There's also tons of writing practice sheets, and they're set up in a way that would support the kids' phonics lessons. There's some work with beginning grammar concepts, punctuation, and some journal pages. Most of them are things that are still too hard for Miss Kitty, which means that there's plenty to grow into over the lifetime of the subscription. Looking at the handwriting sheets, I like that there's a generous number of examples for the kids to model off of. The quality of kids' letters falls off rapidly if there are not enough models for them to look at: they tend to look at the most recent, rather than back to the beginning of the line. But there are lots of models on these pages.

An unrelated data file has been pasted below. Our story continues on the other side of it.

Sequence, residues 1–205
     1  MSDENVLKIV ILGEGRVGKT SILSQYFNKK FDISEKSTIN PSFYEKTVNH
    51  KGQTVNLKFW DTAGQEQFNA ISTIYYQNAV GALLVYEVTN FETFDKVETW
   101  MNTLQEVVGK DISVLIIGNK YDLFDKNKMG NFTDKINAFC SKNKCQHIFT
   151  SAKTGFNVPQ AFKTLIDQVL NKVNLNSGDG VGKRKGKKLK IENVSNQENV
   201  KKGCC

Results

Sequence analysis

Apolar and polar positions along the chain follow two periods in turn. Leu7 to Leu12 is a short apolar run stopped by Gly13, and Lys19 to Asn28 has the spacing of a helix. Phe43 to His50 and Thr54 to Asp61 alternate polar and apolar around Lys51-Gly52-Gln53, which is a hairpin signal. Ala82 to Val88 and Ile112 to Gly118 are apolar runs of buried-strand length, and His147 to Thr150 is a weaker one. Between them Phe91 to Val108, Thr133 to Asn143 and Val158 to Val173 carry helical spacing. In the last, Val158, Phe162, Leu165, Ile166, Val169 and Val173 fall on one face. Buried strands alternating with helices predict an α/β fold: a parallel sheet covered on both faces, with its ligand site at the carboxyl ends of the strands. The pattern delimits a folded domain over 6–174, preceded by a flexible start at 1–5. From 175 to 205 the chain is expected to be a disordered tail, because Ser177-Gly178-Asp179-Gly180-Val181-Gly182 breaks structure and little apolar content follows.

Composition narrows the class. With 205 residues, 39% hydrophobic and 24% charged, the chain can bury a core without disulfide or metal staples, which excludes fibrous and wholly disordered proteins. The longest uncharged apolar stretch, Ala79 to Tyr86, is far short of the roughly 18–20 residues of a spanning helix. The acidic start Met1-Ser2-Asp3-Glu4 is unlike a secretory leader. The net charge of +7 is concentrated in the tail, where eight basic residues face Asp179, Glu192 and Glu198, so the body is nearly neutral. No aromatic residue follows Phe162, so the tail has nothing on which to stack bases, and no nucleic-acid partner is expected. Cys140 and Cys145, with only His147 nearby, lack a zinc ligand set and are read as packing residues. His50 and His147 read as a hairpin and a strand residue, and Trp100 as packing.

The Starfall materials are uniformly well-done. They're engaging for the kids, and nearly always highly educational. This is a membership that I've thought about getting more than once, and I was quite pleased when I saw that we'd be on this review. Not only was I not disappointed, but I've been pleasantly surprised at how much there is, once I started digging around in their offerings. I think that this is something that will be a favorite around here for quite some time. I would absolutely recommend this to my friends, homeschoolers or not.

To see what other Review Crew families thought of Starfall Education Foundation materials, please click the banner below:

No comments:


Blog Widget by LinkWithin